First of all, I would like to speak of my friend Lattuada, and not immediately of his wonderful sketches, shown here at the fountain Riccardo Catella in Milan; they speak for themselves. My first meeting in ’68 with Alberto Lattuada, was thanks to a set of captions written by me, appreciated by him, and requested from a friend in common, Cristina Brigioni for the magazine Linea Italiana. His appreciation and approval of those few words changed my life totally. Destiny perhaps! To know Alberto Lattuada is not easy. I consider myself a friend for more than thirty years. And even now he remains enigmatic, a “rare orchid”, absolutely unpredictable. But at the same time extremely conscious of his own qualities, of his originality, eccentricity, and of his talent. For me he is an amateur in the English sense of the word because he had always avoided success. He is an aesthete, a true artist, belonging to that exclusive group of painters and illustrators of fashion like Berard Bouché, Eric, Gruau, Antonio. His elegance and his style are a continuation of that vanishing world they aptly mirrored. Lattuada is tremendously sophisticated, cynical, sarcastic and very waspish. Perfectly groomed, though I do not think I have ever seen him in a suit. He had created a style of his own, a contrived Anglo-American somber sporting elegance or an officer in mufti sort of look emphasized by his exaggerated taste for long trench coats. At certain moments he reminds me of the actor Clifton Webb, and like him, his world would have been Hollywood of the ’30-‘40’s. Or the New York of Dorothy Parker and the Batinage at the brilliant round table at the Hotel Algonquin. His own conversation, his humor and his wit are like a game of ping-pong, fast and stinging, It is impossible to predict in which direction they will go or who will be the next victim. Another thing that fascinates and intrigues me is “Lattuada” dandy, the attitude, apparently detached. And antipathy for all the practical aspects of life makes him always the more eccentric and charming. Sometimes he gives the impression that by himself; he cannot cross over the street. This is all part of the enigma. Like Oscar Wilde, Alberto has put his talent into his work and his genius in his life. Lattuada always surprises me with his encyclopedic knowledge of the world of literature, music, cinema, the fine arts, the theatre. He is the only Italian I know who avidly reads The Spectator. I do not know, but I can only suppose that he sleeps very little for the time he must dedicate to be so informed. How he fills in his rest of his night and day? I should have to refer to his inner circle of friends, and particularly to Giovanni, better known as “Brescia”. Dear Alberto, do you know where exactly I am today? At Babington’s your favourite “tea room” in Piazza Di Spagna in Rome, eating scrambled eggs on toast with apple pie and whipped cream. Remember? To lose one’s head, as you used to say. In those days the seventies you designed the collection of high fashion for Mila Schen, wonderful in those sea greens and turquoises that only you knew how to put together. With a touch of predictable cream over decades of creativity you have left your inimitable signature everywhere like Zorro. Anticipating fashion though your inspirational drawings, you once dedicated to me the Cloche Gardella, Why? Anyway it makes me feel very special. So many memories, so many moments spent together. Two come to mind vividly. The time when we decided to face the music and dance. We took up the cha cha cha, tango and slow fox trot at a rather run down dancing school in Porta Venezia in Milan. The other still actual your fixation for “Risco ‘Al Salto”, at the apartment of our late friend Maria Pezzi, the famous Italian fashion journalist, who had her cook prepare it to perfection, so subtle to look as though it was painted on the plate. and again and again other lunches with you and friends, always only lunch at the restaurant Il Verdi of Andrea in Piazza Mirabello in Milan, And always the same menu: Kir Royal, Riso Al Salto, Studel with American Coffee in the largest cups possible. Even in your eating habits, you are original. You are perhaps, the fastest eater I know. Plus anything red is taboo, salad to be avoided at all costs and never spaghetti. The most important thing is the conversation totally unpredictable, as is Alberto. Being an “Ariete”, he will disappear at the most unexpected moments. Alberto is my dearest friend and will be for the rest of my life. This important exhibition, organized by his admiring faithful friends represents his life’s work. Awarded the title “Maestro” by the prestigious school Polimoda of New York where he lectured from 1996 till 2006 “was one of the best periods of my life”, admits Alberto. “And where you produced the most successful drawings,” I added Thank you.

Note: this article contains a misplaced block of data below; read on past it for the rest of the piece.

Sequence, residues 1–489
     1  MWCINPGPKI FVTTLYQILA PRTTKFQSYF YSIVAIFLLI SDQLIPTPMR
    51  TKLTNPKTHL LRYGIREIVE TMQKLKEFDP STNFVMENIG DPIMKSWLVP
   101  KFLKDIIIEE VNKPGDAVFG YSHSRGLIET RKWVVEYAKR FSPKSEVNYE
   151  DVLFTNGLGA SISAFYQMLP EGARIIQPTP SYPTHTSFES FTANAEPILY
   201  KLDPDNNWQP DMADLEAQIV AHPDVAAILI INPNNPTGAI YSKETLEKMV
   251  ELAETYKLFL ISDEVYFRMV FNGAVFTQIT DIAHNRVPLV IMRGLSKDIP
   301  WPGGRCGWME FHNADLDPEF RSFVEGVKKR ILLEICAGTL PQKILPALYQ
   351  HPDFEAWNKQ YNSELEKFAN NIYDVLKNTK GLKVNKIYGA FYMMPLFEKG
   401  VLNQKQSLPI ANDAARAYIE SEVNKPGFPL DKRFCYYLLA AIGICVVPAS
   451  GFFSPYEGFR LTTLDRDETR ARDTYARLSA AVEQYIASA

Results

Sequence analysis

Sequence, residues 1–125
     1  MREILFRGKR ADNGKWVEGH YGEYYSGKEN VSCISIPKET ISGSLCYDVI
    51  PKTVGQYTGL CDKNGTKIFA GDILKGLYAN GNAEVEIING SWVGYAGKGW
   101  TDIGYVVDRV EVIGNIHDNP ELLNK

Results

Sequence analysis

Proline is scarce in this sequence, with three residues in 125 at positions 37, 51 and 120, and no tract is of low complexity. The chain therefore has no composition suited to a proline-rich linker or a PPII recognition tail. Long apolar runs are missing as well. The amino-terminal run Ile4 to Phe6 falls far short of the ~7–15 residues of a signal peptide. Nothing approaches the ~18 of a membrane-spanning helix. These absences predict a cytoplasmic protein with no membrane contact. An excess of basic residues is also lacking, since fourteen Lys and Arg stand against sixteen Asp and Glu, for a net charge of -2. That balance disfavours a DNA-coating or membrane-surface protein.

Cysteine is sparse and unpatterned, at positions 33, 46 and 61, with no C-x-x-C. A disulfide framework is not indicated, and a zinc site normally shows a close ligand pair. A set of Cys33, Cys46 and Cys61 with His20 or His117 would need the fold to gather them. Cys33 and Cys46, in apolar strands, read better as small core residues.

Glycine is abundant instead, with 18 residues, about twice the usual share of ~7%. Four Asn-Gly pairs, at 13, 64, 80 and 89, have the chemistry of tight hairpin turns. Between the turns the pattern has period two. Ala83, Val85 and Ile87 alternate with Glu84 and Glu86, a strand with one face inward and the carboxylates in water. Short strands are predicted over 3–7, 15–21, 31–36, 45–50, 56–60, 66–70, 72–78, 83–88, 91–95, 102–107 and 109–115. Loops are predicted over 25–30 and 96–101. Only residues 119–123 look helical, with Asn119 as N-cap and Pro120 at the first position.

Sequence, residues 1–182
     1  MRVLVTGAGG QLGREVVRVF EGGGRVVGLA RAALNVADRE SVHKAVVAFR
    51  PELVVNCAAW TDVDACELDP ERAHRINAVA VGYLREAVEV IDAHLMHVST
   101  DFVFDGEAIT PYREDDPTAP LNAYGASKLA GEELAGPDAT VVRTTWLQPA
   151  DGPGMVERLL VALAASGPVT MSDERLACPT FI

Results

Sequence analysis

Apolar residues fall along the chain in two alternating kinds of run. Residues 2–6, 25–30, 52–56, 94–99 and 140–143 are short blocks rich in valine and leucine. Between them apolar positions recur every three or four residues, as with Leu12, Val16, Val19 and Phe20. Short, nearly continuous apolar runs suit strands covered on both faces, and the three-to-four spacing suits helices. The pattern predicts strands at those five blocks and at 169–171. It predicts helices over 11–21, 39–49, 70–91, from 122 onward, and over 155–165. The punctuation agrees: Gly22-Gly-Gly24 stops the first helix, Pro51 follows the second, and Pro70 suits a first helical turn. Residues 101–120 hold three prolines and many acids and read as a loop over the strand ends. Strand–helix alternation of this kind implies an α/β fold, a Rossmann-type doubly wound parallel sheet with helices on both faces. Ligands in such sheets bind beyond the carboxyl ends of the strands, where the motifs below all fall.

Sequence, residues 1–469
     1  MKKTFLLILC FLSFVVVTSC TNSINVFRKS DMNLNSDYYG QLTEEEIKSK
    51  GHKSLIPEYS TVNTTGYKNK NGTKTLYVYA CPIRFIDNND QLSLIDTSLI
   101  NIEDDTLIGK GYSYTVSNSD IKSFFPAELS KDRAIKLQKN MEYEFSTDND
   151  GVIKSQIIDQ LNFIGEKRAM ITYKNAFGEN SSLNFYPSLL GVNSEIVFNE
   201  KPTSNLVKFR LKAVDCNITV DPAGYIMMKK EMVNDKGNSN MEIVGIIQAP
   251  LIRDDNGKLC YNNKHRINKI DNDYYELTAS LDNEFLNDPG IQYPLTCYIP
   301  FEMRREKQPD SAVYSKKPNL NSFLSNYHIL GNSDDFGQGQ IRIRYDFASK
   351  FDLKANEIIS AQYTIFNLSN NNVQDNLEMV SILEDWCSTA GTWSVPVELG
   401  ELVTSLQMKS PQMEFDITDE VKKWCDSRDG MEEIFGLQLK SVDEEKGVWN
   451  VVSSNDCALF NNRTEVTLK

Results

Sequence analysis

Your fan

La Gardella